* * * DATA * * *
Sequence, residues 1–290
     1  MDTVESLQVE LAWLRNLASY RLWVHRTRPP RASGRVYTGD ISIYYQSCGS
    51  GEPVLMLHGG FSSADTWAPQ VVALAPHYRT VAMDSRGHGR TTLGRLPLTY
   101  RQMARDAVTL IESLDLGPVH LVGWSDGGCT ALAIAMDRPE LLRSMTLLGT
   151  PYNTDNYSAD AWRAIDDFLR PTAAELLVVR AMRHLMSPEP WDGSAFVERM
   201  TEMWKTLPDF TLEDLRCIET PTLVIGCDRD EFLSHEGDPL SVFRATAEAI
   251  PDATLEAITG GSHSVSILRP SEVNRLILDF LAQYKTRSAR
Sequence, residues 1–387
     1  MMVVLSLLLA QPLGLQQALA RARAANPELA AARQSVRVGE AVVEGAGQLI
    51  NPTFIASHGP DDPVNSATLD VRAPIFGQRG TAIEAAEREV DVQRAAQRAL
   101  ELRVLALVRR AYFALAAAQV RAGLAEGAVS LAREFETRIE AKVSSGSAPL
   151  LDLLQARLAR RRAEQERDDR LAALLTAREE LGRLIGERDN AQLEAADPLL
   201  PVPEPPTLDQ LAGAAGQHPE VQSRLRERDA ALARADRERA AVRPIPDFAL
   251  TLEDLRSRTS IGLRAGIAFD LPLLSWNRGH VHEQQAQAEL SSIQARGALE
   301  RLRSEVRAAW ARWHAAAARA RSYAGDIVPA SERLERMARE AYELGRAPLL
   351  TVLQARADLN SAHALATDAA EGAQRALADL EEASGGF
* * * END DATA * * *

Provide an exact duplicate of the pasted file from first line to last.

Sequence, residues 1–290
     1  MDTVESLQVE LAWLRNLASY RLWVHRTRPP RASGRVYTGD ISIYYQSCGS
    51  GEPVLMLHGG FSSADTWAPQ VVALAPHYRT VAMDSRGHGR TTLGRLPLTY
   101  RQMARDAVTL IESLDLGPVH LVGWSDGGCT ALAIAMDRPE LLRSMTLLGT
   151  PYNTDNYSAD AWRAIDDFLR PTAAELLVVR AMRHLMSPEP WDGSAFVERM
   201  TEMWKTLPDF TLEDLRCIET PTLVIGCDRD EFLSHEGDPL SVFRATAEAI
   251  PDATLEAITG GSHSVSILRP SEVNRLILDF LAQYKTRSAR
Sequence, residues 1–387
     1  MMVVLSLLLA QPLGLQQALA RARAANPELA AARQSVRVGE AVVEGAGQLI
    51  NPTFIASHGP DDPVNSATLD VRAPIFGQRG TAIEAAEREV DVQRAAQRAL
   101  ELRVLALVRR AYFALAAAQV RAGLAEGAVS LAREFETRIE AKVSSGSAPL
   151  LDLLQARLAR RRAEQERDDR LAALLTAREE LGRLIGERDN AQLEAADPLL
   201  PVPEPPTLDQ LAGAAGQHPE VQSRLRERDA ALARADRERA AVRPIPDFAL
   251  TLEDLRSRTS IGLRAGIAFD LPLLSWNRGH VHEQQAQAEL SSIQARGALE
   301  RLRSEVRAAW ARWHAAAARA RSYAGDIVPA SERLERMARE AYELGRAPLL
   351  TVLQARADLN SAHALATDAA EGAQRALADL EEASGGF